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images4XO3P6FQBecause I now experience more and more difficulty with memory I have been reading articles on Dementia - I shudder at the thought of using the term "Alzheimer's". Am I being morbid?

I see my mind as "me".  My mind is my essence. It can be frightening to consider losing that self or having it impaired. I can't decide which is more frightening: to lose myself, or to be myself but not be able to show it.

I understand that in the early stages of dementia changes are slight and it is possible to continue to do lots of things. One may:

• forget things easily, repeat things frequently,
• experience problems with language, such as appearing to be stuck for words or losing track of a conversation,
• find new situations or places confusing,
• show poor judgement or find it hard to make decisions,
• lose interest in other people or activities,
• be unwilling to try new things,
• experience low mood, become anxious or withdrawn,
• feel easily frustrated or angry.

All of these I can identify in myself. How should I be reacting?


The first thing you should do would be to see a doctor and get an actual diagnosis. All of the things you describe can be symptoms of dementia, or they can be caused by other factors, including simple dehydration, poor nutrition, carbon monoxide fumes from your home heating system, various prescription medications you take for other conditions, and/or inadequate levels of oxygen in your blood. Find out what's actually going on before you start to panic.
I am totally with you in seeing my mind as 'me'. Do you have a good doctor you can see to discuss? I know one of my teachers from primary school developed early onset Alzeihmers, and there are certainly things he did to try to slow down the disease.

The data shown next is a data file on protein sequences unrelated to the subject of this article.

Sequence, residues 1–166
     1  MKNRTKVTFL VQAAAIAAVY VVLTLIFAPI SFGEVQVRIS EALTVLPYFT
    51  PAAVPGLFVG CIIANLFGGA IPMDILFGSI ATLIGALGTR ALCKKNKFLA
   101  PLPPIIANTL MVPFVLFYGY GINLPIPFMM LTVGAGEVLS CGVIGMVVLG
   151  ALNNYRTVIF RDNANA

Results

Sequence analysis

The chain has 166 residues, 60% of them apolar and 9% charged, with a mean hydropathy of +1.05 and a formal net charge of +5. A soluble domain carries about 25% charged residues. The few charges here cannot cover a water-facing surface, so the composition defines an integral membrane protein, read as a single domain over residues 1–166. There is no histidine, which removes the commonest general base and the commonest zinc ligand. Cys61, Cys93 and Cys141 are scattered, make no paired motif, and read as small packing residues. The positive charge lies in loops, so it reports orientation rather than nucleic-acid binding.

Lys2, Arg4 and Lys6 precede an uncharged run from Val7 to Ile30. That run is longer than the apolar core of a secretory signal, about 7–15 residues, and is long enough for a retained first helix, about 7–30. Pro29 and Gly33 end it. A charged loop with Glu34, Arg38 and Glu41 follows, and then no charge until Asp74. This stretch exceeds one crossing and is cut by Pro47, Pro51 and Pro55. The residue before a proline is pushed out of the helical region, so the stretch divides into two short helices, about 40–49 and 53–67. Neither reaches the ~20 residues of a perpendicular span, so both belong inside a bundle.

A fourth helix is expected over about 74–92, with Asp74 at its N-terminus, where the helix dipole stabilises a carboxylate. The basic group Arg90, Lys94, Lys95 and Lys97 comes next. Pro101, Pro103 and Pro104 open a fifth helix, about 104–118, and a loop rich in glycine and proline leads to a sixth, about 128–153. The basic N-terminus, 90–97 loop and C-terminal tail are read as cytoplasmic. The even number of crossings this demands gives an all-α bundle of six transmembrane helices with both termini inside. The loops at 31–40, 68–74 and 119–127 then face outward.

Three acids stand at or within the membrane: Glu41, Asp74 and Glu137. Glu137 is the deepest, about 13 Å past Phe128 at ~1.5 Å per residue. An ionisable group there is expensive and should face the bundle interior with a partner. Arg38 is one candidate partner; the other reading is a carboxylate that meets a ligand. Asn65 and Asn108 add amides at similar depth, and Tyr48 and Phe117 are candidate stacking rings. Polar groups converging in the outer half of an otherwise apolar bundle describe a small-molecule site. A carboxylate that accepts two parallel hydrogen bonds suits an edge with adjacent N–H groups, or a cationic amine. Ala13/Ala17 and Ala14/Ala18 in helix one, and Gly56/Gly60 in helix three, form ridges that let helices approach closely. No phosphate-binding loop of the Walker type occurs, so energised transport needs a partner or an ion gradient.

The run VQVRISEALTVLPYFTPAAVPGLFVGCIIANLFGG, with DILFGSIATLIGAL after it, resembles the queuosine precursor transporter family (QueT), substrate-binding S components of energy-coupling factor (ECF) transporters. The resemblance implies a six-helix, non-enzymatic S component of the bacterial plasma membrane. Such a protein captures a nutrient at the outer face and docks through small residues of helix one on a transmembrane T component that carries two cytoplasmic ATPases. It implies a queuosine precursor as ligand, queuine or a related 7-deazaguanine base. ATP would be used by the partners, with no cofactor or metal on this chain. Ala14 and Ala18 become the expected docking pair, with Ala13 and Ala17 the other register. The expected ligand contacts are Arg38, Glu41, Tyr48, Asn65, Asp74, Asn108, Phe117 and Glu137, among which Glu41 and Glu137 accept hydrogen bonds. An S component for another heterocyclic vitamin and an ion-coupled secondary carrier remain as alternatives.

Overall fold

Of course, some of those symptoms are present in many people. I find sleep deprivation is a terrible drain on my mental abilities. I forget things easily, words, names, etc; am unwilling to try new things. But I definitely understand your concern and worry. Sending you lots of light.
Probably see a doctor, but also, try out the following all of which have been shown to slow or halt mental decline:
* Regular aerobic exercise, walking is fine, but should be one or two hours at a stretch, not 15 minutes. At the very least a half hour a day.
* Weight lifting: doesn't need to be massive amounts of weight, but should require a moderate degree of effort.
* Learning a new language. Especially if you can manage to speak it regularly: join a class or a conversational group, or find a speaker of a language you don't know who lives nearby and will be happy to chat – shopkeepers of non-busy shops are an excellent option.
* Learning a new instrument, especially if it comes with learning to read music or to read more complex music.
* Being an engaged part of the community (you seem to be active in yours, so may already have a tick here!)
* Eating a healthy diet with low levels of sugars and moderate levels of healthy fats (too many people cut out healthy fats like olive oils and so on and their poor brains just sit there begging for some: no point having the tiniest bottom in the world with your noggin not working!)

One thing that a lot of research has shown is that members of religious orders who are physically suffering from dementia-causing diseases often show few signs of them. It's thought this is due to a combination of factors: they have an intellectually engaged existence with a sense of social commitment and a supportive community, along with an abstemious diet. It seems like a good plan to follow!
no point having the tiniest bottom in the world with your noggin not working

You, my friend, just won the internets for today :)
I have all of that too, but I have a benign meningiaoma pressing on my brain.
I agree with some of your other friends. I would talk to a doctor, before jumping to any conclusions.
Do you have a family history of Alzheimers or Dementia? I know that's not necessary, but something to think about.
So don't jump to conclusions and see a doctor. :)
Hugs, Jon
It would be a good idea to talk to your GP but all those symtoms can be caused my many things.Don't jump to the worst conclusion.A lot of people have many of those symtoms in Winter for examble, caused by Winter Blues.